LONDON (Reuters) - Britain’s Dixons Carphone (DC.L) on Thursday reported another big fall in mobile phone sales in its latest quarter, though it maintained its financial guidance for the full 2019-20 year and said its turnaround was on track.
Dixons Carphone has been hurt by a shift in the mobile phone market as customers keep their handsets for longer, choose
cheaper SIM-only deals, and turn to more flexible credit-based
In June the group said it would accelerate its response to the changing mobile market after reporting a 22% slump in annual profit and warned of another big fall in the current year.
The group, which trades as Currys, PC World and Carphone Warehouse in Britain, said like-for-like sales in its UK & Ireland mobile phones division fell 10% in the 13 weeks to July 27, its fiscal first quarter, having fallen 4% in the last financial year.
“The mobile market is as challenging as expected, underlining the need for the decisive actions that we set out in June,” said Chief Executive Alex Baldock.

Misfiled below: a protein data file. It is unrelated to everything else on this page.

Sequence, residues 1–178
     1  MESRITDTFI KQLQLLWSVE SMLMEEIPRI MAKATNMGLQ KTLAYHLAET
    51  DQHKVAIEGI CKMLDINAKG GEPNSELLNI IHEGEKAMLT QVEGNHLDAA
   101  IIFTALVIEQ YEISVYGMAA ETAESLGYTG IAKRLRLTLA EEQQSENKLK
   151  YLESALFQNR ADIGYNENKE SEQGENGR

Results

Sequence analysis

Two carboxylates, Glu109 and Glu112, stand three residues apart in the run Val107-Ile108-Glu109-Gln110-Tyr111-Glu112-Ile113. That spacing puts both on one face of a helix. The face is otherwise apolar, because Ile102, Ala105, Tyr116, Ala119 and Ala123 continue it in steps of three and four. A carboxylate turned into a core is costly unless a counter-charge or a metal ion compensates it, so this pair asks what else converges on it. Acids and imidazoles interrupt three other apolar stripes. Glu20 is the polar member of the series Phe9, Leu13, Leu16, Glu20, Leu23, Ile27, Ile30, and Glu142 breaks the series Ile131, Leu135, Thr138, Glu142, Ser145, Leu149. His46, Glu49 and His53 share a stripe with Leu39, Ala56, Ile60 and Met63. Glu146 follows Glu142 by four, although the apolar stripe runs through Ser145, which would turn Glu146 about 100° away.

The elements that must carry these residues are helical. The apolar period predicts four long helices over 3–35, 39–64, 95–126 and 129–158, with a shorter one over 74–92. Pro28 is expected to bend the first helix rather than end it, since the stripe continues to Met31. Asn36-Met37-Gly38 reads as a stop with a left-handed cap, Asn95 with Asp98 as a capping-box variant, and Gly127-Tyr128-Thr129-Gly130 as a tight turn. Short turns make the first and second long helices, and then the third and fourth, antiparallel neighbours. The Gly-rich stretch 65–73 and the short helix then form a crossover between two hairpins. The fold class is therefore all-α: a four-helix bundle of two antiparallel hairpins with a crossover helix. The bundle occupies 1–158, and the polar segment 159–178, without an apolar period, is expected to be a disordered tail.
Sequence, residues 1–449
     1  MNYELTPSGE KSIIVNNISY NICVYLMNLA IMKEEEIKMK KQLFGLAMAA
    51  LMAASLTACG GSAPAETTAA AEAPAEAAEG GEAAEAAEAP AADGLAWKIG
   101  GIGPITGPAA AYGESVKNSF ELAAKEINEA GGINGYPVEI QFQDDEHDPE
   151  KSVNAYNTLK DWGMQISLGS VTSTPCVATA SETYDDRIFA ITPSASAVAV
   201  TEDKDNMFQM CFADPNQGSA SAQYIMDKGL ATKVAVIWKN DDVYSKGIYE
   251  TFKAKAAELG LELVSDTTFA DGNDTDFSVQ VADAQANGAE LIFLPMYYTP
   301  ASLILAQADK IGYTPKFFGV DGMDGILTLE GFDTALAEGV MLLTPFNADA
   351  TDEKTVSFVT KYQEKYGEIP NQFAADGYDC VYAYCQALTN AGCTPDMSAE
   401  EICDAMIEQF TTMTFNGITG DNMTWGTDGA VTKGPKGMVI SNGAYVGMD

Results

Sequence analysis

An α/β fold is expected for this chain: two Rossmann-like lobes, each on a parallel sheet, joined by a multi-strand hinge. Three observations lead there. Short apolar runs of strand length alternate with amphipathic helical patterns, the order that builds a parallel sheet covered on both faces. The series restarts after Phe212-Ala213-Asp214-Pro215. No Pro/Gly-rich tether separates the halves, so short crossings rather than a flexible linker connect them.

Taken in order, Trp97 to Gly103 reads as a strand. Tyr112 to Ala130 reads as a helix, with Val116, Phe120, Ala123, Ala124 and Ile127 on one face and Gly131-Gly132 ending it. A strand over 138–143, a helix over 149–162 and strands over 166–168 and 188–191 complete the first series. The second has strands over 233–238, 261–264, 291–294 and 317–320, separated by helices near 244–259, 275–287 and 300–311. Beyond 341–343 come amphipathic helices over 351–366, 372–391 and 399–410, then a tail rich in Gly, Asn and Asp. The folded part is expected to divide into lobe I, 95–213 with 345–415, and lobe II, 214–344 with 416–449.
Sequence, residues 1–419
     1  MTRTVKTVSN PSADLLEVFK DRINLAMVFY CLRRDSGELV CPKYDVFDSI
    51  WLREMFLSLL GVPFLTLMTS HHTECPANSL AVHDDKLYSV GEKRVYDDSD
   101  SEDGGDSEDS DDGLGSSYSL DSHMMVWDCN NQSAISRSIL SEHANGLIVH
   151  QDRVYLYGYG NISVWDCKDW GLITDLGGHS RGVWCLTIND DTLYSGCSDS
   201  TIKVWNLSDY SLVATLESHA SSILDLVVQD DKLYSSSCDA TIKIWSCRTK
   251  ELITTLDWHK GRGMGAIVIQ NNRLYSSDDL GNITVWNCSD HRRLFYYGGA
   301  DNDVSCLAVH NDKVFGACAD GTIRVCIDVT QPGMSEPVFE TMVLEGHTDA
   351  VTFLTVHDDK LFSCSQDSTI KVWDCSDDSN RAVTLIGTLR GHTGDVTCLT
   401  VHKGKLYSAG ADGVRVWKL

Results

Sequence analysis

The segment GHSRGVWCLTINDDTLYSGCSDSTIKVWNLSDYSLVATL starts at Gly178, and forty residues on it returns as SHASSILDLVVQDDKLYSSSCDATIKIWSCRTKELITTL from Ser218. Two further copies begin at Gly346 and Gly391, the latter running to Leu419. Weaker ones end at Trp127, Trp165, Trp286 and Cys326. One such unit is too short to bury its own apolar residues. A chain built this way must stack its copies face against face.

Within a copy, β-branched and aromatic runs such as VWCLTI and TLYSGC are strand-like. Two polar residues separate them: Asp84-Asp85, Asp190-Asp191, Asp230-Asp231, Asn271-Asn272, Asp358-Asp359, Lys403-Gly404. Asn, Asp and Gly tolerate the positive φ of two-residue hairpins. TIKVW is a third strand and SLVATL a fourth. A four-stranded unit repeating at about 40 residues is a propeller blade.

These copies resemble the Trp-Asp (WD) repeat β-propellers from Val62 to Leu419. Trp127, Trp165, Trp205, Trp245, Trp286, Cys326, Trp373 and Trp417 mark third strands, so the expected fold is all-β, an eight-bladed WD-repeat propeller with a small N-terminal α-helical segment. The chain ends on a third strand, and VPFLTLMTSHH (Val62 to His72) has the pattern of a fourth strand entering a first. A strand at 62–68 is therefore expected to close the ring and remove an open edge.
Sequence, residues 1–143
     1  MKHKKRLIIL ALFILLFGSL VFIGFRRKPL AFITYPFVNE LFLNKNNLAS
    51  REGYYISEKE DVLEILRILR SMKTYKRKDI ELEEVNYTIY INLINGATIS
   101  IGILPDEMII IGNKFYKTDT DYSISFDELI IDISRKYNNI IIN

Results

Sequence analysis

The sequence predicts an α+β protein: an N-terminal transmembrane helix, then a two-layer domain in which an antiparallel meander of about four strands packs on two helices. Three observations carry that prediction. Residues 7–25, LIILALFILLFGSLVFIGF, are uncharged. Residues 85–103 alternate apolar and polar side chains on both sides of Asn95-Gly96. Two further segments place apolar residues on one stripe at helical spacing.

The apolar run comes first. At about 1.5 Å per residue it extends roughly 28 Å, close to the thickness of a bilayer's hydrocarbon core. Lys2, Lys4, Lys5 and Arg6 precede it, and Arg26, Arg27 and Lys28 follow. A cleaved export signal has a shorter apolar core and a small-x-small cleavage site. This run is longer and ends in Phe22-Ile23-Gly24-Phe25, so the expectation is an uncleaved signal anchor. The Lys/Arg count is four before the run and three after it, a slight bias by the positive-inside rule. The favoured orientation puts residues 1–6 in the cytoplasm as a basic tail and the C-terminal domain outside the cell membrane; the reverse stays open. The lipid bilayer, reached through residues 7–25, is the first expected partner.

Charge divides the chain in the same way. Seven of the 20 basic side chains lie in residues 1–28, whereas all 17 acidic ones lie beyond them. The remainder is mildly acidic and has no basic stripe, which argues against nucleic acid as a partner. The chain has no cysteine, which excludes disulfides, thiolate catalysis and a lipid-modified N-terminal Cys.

Baldock has renegotiated all of the group’s legacy contracts with network providers Vodafone (VOD.L), EE (BT.L) and O2 (TEF.MC). He is also revamping the group’s mobile product range, including improved choice in SIM-only deals and flexible credit based bundles.
Its shares were up 1.7% at 0723 GMT, paring losses over the last year to 29%.
Dixons Carphone said first quarter like-for-like sales in its UK & Ireland electricals division rose 2%, while sales in its international division on the same basis were up 4%. Overall group like-for-like sales were flat - in line with analysts’ consensus expectations.
“The current political and economic climate is volatile but, assuming no material disruption from that, we stand by our full year guidance,” added Baldock, who expects 2019-20 to be “the trough year” for mobile losses.
Industry data published on Tuesday showed British retailers saw their sales flat-line in August as shoppers cut back on non-essentials.
Economists say recent signs of a weakening in spending by households raise the risk of a recession as the country prepares to leave the European Union.
Guidance is for a group underlying pretax profit of around 210 million pounds in 2019-20, down from 298 million pounds made in 2018-19.
“As the year progresses, we will be able to assess more fully management’s delivery against the early stages of its plan,” said Liberum analyst Adam Tomlinson.
“Success here could generate some positive momentum in the shares.”
(This story refiles to remove repeated last two paragraphs)
Reporting by James Davey, Editing by Paul Sandle and Emelia Sithole-Matarise